So, I tend to exaggerate. A lot. And I use hyperbole, also a lot. So when I say something is ‘the greatest x ever’, you should probably take it with a grain of salt. Yes I enjoyed whatever ‘x’ was, but surely it can’t be the greatest, I mean there are so many other ‘x’ things out there.
Way of Kings by Brandon Sanderson makes me wish I didn’t lean on that ‘exaggerate everything’ button so heavily, because maybe that way more people would believe me when I say that this is the best example of worldbuilding I’ve ever read. And before you ask, yes I’ve read Lord of the Rings. Sanderson has a way of making the absurd and fantastical seem so normal and mundane that it comes as some surprise when I walk outside (hello sun, it’s been a while) and notice there aren’t any eels floating through the air, or any crabs scuttling across the asphalt. The world Sanderson has built feels like a beloved work of art, the result of years of tireless effort, and taken on its own this book demands praise. But that’s not all Sanderson has given us.
Way of Kings is Game of Thrones with a liberal dose of hope. Where Martin twists the knife deeper into his character’s backs with an almost sadistic glee, Sanderson shows us that the world is worth saving, that these people are worth helping, and that maybe there is hope for a better future. We have Kaladin, squad leader-turned-slave-turned-slave leader, who grapples with his own despair and hatred for the nobility as he tries and fails to escape the lessons his father taught him. We have Shallan, a desperate noblewoman who is struggling to come to terms with what she needs to do to save her failing house. We have Dalinar, a once-bloodthirsty highprince who is suffering from night visions telling him of what he must do to save his people. Three characters, three struggles. each struggle going contrary to their very natures. And in amongst those central characters there are others, too, who make only the briefest of appearances but are so well-rounded and entertaining that you’re left wondering why they aren’t a central character as well.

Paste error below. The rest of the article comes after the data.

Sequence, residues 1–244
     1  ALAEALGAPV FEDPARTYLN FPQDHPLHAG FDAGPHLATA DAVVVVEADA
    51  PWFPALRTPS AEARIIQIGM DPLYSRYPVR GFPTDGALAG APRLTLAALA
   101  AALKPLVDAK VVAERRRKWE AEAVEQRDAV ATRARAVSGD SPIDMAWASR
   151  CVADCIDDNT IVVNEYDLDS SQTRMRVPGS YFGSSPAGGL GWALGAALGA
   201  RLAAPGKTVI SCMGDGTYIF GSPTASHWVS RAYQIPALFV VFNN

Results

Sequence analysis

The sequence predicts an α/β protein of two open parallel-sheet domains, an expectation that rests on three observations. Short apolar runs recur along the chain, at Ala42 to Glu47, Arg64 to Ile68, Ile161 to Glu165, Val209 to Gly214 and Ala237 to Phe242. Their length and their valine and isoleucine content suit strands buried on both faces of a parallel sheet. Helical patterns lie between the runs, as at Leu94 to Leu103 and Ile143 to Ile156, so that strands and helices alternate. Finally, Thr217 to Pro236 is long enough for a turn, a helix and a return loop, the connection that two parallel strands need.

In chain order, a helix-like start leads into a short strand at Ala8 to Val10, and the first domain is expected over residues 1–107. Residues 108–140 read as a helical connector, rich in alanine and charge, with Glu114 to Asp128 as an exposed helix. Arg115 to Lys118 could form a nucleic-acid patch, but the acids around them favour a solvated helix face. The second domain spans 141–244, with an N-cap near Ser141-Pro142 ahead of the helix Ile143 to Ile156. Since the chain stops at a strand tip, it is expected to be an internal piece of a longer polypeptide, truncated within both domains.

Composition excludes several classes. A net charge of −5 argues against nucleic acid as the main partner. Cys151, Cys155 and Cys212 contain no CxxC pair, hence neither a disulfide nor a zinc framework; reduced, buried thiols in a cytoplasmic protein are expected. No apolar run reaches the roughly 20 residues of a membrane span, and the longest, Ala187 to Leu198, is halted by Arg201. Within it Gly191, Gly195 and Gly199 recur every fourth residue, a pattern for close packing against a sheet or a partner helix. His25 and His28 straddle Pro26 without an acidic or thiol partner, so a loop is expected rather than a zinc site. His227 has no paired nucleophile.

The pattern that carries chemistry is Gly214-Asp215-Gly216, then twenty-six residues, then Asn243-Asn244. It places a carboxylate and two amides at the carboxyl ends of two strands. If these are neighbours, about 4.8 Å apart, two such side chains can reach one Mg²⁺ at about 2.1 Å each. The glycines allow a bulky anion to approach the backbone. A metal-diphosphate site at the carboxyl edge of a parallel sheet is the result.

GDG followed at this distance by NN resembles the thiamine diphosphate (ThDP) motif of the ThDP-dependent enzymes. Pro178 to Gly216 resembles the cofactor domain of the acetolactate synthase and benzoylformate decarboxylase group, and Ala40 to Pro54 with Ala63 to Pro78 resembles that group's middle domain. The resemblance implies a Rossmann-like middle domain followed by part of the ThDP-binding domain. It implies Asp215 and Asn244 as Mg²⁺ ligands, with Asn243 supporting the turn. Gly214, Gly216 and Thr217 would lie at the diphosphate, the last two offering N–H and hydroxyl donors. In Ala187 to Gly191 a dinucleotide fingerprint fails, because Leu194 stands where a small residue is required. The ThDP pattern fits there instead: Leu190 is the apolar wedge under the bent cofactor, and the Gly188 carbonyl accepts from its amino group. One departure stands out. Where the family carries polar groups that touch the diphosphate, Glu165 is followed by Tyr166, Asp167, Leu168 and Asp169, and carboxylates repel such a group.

But all I’m giving you is praise, and despite Way of Kings being well-deserving of it, surely there’s something I can fault it for? Some flaw, some drawback, something that will shave off a half-star or more? Honestly… this is a struggle. On the one hand I could say the world-building is a little too thick at places, but when it serves the purposes of the story, can I really complain? I’m not a huge fan of switching perspectives, but Sanderson has pulled it off admirably. The magic in this story is a bit too neat and tidy, though there are elements hinted at which suggest spellusers in this world know less about magic than they assume.
Sanderson has written a masterpiece worthy of high praise. That’s really all I can say on the matter. I rate it an emphatic 5 stars, and I’m already diving into the second book (which is technically the second half of the first book). Read it, love it, and let’s talk about it!